FFDH Legal Strategy Spreads Around Nation
Students at Yale, Stanford, Princeton, MIT, and Vanderbilt Argue that Fossil Fuel Investments Aren’t Just Immoral, but Illegal
Last March, members of the Harvard community helped develop a legal strategy holding that the school’s fossil fuel investments weren’t just immoral, but illegal — a step that played a massive role in forcing the university to divest a few months later. Now, the legal movement is spreading, with students at Yale, Stanford, Princeton, MIT, and Vanderbilt taking steps to hold their own schools accountable for their dangerous investments earlier this month.
More press coverage can be found in the Washington Post, The Guardian, Grist, The Hill, and Inside Higher Ed
As with the Harvard case (and a seminal filing at Boston College in December), the five schools’ actions took the form of official complaints referring the institutions’ breaches of fiduciary duty for investigation and enforcement to the respective state attorneys general. The complaints, which are signed by a number of top climate scientists, financial experts, and legal scholars, note that fossil fuel holdings, are a dangerous long-term bet, fail to align with legal mandates surrounding charitable purposes, and often create significant conflicts of interest among members of university governance.
“Our universities are amongst the world’s wealthiest and most prestigious institutions of higher education, and their investments in the fossil fuel industry — an industry whose actions place the health and future of students and the entire planet at risk — amount to nothing less than complicity in the climate crisis,” said Anna Liebowitz, an organizer with Divest Princeton.
Students at the five schools say that their decision to pursue this route was driven in large part by the success of this tactic at Harvard. For ten years prior to the filing, the university had made a policy of steadfastly refusing divestment, despite mounting evidence that such a stance was putting Harvard’s own institutional interests (and its endowment’s own bottom line) at risk. Although the university tried to ignore the complaint — in statements, spokespeople swore that the investments were prudent, and in interviews, Harvard leadership turned to extreme right-wing legal scholarship to dismiss the complaint’s arguments — experts say that it likely played a very significant role in forcing Harvard to commit to divestment last semester.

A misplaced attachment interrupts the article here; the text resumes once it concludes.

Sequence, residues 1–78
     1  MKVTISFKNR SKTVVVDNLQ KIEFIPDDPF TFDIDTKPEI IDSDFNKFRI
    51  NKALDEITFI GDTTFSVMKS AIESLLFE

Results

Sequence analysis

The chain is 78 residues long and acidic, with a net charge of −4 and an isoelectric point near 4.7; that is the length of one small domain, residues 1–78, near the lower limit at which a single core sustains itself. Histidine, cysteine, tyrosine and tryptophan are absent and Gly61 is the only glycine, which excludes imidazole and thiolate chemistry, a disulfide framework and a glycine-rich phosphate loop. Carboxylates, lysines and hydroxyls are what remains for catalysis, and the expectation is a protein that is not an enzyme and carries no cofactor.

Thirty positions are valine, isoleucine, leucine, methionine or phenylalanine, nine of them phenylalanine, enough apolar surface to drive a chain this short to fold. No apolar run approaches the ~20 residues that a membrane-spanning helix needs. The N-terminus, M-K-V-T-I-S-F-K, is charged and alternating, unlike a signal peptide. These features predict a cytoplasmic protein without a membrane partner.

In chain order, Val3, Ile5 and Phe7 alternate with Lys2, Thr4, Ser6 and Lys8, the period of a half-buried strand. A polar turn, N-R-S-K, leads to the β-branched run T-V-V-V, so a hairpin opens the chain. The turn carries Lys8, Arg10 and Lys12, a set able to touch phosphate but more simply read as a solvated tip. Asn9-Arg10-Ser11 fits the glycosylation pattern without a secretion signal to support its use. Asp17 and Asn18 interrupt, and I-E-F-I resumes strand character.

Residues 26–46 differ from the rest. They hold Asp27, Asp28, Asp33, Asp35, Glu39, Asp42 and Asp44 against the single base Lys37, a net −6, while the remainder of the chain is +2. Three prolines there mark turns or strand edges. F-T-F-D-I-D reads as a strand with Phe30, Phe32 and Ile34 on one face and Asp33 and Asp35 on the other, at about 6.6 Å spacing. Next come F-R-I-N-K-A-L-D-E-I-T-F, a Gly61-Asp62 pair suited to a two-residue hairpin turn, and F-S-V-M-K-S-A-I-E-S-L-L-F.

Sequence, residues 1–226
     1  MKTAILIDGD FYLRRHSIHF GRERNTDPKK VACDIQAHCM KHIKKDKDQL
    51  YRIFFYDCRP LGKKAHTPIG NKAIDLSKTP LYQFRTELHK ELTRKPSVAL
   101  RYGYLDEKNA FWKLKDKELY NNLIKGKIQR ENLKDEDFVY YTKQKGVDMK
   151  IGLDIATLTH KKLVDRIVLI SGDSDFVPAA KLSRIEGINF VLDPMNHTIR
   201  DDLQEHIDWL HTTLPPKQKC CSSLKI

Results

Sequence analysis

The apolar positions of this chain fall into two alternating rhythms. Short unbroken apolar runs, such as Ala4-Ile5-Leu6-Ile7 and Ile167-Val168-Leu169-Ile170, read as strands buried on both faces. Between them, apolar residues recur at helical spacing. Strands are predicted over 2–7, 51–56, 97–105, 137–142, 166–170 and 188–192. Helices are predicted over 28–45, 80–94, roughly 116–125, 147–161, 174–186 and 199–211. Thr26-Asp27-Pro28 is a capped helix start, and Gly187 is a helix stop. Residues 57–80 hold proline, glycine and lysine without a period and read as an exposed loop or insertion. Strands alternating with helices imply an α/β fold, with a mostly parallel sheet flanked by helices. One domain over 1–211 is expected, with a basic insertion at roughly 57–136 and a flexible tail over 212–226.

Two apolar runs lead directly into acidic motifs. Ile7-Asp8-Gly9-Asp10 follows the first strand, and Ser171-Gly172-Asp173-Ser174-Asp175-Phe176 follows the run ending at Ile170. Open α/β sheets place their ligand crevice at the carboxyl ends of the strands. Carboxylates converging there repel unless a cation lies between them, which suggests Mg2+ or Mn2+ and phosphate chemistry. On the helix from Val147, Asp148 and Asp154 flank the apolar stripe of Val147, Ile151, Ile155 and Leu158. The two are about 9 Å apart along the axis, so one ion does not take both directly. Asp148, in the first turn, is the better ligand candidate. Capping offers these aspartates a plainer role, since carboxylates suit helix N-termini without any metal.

As a result of the Harvard victory, the legal landscape on fiduciary duty in an age of climate crisis is already shifting, and the five complaints are expected to contribute to growing momentum on this legal front. “The law can be a powerful ally in fighting climate change, but only if people are held accountable for actually following it. Universities have a duty to promote the public interest in exchange for their tax-exempt charitable status, and that duty is incompatible with fossil fuel investments,” said Alex Marquardt, a staff attorney at Climate Defense Project.
But while Harvard is beating these five peers on divestment, it continues to pass up opportunities to be a genuine leader on climate, say students. From advocating for an end to oil conflicts of interest in Harvard research to ensuring that the university fulfills its climate pledges and pursues just reinvestment of its resources, Fossil Fuel Divest Harvard continues to push for an institution that fulfills its potential and stands on the right side of this fight for a just and stable future.
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